backdrop to several films. Three more similar buildings were planned on the site, but before the cash-crisis took hold. Beckton is at the western end of the London Riverside redevelopment zone of the Thames Gateway. Transport for London are planning a new bridge, the Thames Gateway Bridge, which will connect Beckton to Thamesmead on the southern bank of the River Thames. The Gasworks were still extant— although derelict—in the early 1980s, when Stanley Kubrick’s team came scouting for an area that could double for the battle scenes in his 1987 movie, Full Metal Jacket.

ROYAL ALBERT the same area but this closed in 1940. The station is further from the nearest houses than any other on the DLR, despite which it has a steady patronage from those living in the area of Beckton to the north. In fact the station signage is subtitled “For West Beckton”. However, the access route from these houses to the station, crossing the busy Royal Albert Way on the level, is notably substandard, the only footbridge being some distance away. Following the relocation of many London Borough of Newham council staff to the Building 1000 offices adjoining the station, usage has increased substantially during office hours. During problems, Royal Albert acts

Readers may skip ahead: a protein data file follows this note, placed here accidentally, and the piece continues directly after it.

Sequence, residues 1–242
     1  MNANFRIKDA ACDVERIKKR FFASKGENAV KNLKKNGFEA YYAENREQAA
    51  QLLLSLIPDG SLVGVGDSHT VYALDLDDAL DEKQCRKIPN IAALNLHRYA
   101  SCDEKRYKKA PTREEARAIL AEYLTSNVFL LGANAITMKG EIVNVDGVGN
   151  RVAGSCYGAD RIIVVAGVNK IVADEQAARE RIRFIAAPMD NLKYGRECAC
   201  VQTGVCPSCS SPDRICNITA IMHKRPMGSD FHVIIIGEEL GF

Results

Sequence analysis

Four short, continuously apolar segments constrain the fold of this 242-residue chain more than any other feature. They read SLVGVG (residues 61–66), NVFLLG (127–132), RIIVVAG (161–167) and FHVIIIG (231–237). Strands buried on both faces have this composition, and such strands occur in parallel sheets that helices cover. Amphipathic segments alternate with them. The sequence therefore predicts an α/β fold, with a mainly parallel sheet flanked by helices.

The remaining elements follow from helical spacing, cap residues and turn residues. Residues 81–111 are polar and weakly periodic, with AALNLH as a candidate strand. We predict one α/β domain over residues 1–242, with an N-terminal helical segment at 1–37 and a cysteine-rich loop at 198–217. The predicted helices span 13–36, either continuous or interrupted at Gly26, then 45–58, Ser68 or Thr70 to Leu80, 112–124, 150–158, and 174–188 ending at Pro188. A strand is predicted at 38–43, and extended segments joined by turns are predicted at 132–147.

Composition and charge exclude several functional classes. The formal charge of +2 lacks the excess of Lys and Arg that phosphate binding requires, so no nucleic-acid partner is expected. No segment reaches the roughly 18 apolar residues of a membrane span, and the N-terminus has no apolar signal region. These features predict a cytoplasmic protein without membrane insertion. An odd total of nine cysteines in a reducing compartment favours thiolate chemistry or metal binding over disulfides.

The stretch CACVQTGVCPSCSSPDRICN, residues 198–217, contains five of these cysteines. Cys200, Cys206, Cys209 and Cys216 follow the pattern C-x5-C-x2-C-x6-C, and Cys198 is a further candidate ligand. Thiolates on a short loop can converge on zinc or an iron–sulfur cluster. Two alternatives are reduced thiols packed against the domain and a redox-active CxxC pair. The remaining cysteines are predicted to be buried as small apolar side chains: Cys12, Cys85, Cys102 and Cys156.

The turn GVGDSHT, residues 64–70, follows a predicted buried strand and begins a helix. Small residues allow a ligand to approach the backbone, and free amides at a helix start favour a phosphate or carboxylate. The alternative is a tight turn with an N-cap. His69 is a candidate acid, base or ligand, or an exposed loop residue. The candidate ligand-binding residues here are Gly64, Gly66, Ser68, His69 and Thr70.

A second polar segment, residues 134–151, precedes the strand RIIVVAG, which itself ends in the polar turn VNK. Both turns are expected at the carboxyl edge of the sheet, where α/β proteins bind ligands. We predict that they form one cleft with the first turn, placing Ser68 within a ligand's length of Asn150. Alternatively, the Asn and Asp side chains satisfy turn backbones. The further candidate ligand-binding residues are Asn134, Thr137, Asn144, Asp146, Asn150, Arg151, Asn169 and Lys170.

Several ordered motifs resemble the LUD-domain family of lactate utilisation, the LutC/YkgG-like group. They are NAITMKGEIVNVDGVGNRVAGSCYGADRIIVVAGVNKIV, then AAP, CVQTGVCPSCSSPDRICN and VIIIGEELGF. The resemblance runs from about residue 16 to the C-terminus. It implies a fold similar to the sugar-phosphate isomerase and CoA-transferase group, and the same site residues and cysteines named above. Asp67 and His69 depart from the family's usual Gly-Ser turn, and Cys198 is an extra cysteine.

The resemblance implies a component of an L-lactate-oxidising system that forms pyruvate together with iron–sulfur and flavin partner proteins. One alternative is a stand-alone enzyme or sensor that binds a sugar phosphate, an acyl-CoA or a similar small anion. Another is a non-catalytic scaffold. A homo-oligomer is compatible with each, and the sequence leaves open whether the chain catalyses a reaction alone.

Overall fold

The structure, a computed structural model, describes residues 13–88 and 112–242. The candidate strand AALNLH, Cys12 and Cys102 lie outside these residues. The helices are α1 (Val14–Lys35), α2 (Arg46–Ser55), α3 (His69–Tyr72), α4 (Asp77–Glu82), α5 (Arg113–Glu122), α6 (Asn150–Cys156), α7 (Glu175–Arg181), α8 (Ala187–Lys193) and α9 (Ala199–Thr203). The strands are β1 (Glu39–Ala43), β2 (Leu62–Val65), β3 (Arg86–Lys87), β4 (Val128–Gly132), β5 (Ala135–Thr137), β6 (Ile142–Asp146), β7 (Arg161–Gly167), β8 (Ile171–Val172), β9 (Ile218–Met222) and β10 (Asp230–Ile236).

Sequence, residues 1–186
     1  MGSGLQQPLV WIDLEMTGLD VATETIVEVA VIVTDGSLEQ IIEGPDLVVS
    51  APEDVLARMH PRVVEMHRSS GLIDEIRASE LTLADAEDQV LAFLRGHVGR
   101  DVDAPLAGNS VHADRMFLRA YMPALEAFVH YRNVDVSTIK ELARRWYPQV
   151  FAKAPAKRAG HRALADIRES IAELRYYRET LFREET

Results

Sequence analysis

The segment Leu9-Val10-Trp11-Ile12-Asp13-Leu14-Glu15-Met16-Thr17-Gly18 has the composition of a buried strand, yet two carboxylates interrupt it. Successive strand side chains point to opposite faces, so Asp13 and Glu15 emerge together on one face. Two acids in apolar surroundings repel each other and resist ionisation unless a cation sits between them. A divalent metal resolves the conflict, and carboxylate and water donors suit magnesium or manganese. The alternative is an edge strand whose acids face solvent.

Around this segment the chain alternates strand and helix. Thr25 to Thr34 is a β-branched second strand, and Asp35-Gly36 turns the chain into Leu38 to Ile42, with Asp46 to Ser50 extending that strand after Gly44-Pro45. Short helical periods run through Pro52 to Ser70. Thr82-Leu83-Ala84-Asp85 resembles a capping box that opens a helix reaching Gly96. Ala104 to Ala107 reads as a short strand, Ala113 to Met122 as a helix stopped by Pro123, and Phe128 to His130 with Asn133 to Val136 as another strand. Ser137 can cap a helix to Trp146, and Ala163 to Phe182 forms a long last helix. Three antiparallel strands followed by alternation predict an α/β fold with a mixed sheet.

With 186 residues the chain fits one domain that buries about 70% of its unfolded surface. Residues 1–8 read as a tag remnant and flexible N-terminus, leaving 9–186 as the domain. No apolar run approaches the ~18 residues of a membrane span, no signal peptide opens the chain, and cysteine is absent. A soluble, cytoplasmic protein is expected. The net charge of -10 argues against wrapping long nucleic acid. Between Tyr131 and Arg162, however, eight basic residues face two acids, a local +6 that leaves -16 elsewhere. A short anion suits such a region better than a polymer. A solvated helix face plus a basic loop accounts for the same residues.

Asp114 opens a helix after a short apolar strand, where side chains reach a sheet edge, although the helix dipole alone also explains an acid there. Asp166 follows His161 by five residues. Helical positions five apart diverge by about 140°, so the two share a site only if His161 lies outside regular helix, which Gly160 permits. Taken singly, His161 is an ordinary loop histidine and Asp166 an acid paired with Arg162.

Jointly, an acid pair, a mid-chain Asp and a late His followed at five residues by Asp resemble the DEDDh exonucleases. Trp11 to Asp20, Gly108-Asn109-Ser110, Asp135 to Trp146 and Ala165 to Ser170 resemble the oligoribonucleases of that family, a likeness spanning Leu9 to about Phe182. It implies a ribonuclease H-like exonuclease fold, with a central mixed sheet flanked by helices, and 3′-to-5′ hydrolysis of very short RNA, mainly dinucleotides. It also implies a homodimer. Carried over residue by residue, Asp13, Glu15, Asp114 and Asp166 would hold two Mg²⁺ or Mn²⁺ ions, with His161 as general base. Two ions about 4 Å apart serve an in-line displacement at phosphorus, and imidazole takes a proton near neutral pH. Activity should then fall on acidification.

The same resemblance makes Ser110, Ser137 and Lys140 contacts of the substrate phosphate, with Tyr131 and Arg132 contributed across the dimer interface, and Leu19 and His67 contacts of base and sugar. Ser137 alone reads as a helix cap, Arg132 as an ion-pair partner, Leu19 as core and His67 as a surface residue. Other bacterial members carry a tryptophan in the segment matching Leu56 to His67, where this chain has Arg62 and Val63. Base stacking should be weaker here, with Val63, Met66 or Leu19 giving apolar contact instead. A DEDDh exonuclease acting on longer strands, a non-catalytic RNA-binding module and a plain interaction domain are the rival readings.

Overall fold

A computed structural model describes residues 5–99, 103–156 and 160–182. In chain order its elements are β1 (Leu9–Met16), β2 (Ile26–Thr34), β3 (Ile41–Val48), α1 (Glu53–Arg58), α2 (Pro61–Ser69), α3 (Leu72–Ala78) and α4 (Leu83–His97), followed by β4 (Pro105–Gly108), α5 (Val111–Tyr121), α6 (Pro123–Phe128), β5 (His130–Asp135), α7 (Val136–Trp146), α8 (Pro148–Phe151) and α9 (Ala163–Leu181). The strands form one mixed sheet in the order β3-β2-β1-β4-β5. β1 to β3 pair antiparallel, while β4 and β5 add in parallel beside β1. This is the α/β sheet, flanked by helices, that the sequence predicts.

2010 should have also seen Royal Albert served by a second DLR service. The existing route between Beckton and Tower Gateway would have been supplemented by a second service between Beckton and Stratford International via Canning Town using the new DLR tracks from Canning Town to Stratford International. However this extension was severely delayed and didn’t open until 31 August 2011. Building 1000, by Royal Albert Station, is a dramatic dockside structure with a full-height glass atrium. Newham Council have relocated some of their offices to Building 1000, and indeed recently bought the whole site from Standard Life for a reputed 75 million sterling. Building 1000 has been the

The Gasworks rough concrete structures were painted with Vietnamese script, and then strategically dynamited so as to resemble war-torn Hue. Retail parks now cover most of the Gasworks site. Other notable movies filmed in and around the Beckton area during the 1980s included the 1981 James Bond film, For Your Eyes Only, which featured extensive aerial views of the Gasworks in the pre-credit sequence. Beckton was also used as a location in Michael Radford’s 1984 feature film adaptation of George Orwell’s Nineteen Eighty-Four—the Gasworks served as the setting for Orwell’s “Proletarian Zones”. The video for Loop’s 1990 single